Keep Wireless Resiliency Framework Flexible, Carriers Tell FCC

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Carriers tell the FCC, the Wireless Resiliency Cooperative Framework facilitated industry efforts to maintain networks and restore service after recent hurricanes. FCC Chairman Ajit Pai said he would look into how the agreement is working after initially being disappointed with the pace of network restoration efforts in Florida following Hurricane Michael.

The framework is an industry-led, voluntary initiative, in which carriers cooperate to restore networks during and after emergencies. Responses to the inquiry from the Public Safety & Homeland Security Bureau were due to docket 11-60 Monday. Though portions were redacted, Inside Towers was able to glean the main points of the carriers’ responses.

Addressing network restoration speed directly, T-Mobile says in many cases, network outages were due to the limited availability of commercial power and/or failures in third-party backhaul networks, rather than the failure of the wireless networks. T-Mobile says the framework has been “extremely successful” because of its flexibility that allows carriers to dynamically allocate resources. T-Mobile believes a similar arrangement among backhaul providers would improve wireless network resiliency as well. 

Verizon, too, cites backhaul fiber cuts in Florida that, “extended the duration of outages by several days.” The carrier said Hurricane Michael showed that “other stakeholders’ restoration efforts can overwhelm even highly redundant fiber,” citing, “numerous and repeated cuts made to our fiber network even after we restored it.”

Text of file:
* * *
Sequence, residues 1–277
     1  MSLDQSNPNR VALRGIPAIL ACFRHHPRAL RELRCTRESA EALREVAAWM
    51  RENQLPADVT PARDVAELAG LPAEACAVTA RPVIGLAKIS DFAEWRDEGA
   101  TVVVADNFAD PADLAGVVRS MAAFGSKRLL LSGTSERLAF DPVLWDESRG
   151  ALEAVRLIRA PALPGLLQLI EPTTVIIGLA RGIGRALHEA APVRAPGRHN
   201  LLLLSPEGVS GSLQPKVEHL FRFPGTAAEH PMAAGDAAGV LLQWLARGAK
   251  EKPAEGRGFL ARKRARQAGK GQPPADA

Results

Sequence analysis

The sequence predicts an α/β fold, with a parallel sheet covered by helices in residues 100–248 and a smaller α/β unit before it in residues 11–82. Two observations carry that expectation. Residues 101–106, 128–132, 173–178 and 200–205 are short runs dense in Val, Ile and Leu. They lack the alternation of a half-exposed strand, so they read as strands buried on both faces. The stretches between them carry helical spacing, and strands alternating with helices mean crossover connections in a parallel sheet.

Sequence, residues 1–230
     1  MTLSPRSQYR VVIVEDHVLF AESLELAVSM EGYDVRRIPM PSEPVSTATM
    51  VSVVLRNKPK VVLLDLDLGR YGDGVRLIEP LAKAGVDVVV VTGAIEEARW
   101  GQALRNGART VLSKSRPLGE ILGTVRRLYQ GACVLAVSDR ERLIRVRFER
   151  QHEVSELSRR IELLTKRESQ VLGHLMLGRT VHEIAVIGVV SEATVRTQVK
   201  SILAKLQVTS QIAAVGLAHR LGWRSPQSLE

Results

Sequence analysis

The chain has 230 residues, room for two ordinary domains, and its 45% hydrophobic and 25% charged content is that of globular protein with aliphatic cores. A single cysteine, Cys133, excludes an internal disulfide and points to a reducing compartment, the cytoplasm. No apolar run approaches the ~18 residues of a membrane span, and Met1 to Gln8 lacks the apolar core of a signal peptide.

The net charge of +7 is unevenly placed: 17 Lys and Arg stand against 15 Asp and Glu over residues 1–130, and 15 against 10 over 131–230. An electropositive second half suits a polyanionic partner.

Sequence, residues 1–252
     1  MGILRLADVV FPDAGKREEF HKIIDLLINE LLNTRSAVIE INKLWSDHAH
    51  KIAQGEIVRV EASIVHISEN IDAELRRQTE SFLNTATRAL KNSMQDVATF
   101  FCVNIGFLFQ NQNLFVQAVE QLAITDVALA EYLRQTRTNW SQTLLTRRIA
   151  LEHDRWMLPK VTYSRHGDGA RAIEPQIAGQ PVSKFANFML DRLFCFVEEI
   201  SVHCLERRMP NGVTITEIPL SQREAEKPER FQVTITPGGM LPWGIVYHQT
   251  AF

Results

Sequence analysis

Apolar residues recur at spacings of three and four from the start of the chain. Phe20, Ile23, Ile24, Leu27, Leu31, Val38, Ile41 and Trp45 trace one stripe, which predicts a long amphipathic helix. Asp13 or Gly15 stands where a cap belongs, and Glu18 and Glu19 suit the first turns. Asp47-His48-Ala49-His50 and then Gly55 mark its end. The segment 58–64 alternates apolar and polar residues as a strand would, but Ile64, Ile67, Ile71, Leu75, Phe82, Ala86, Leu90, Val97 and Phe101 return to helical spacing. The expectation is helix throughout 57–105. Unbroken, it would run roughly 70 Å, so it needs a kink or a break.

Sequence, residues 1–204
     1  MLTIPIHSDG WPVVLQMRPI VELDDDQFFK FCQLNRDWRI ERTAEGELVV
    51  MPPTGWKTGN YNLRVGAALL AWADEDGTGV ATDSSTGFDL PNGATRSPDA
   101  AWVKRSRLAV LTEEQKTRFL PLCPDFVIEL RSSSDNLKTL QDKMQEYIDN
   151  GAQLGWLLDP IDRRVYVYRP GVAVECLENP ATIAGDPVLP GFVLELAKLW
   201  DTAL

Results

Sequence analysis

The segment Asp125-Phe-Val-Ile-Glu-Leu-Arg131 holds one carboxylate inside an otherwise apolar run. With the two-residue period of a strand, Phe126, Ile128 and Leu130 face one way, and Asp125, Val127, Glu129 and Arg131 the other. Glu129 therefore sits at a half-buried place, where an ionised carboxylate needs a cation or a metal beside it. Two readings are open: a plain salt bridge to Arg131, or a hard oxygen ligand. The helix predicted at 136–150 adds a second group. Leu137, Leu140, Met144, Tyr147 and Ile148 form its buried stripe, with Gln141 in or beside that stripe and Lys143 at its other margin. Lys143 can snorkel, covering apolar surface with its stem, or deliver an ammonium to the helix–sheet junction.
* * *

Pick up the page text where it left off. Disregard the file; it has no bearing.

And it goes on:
AT&T says in the more than two years in which the framework has been in place, it’s been “thoroughly tested due to an exceptional number of devastating natural disasters during that period.” AT&T agrees framework flexibility is necessary because “natural disasters and emergencies can impact wireless networks and services in vastly different ways.” It says the framework has been a success and the Commission should continue to support it.

In its efforts to support First Responders, the carrier highlights its National Disaster Recovery (NDR) program. As an example, AT&T cited “unprecedented” challenges its NDR team overcame during a five-month deployment in Puerto Rico during and after Hurricane Maria.  AT&T personnel worked to restore and sustain communications networks, “coupled with the logistical challenges of moving personnel, equipment, and support resources (such as food, water, medical supplies, fuel, and security) to islands with destroyed transportation and electrical infrastructure,” it said.

Sprint notes roaming on partner wireless networks during disasters does not typically require a proactive change or system selection to allow wireless traffic to traverse either network and should, in most cases, be automatic for most wireless subscribers. “There were no instances we are aware of in which Sprint or another carrier declined a request for mutual aid or roaming during this event,” the carrier noted, referring to Hurricane Michael.  Comments? Email us.

By Leslie Stimson, Inside Towers Washington Bureau Chief

November 29, 2018               

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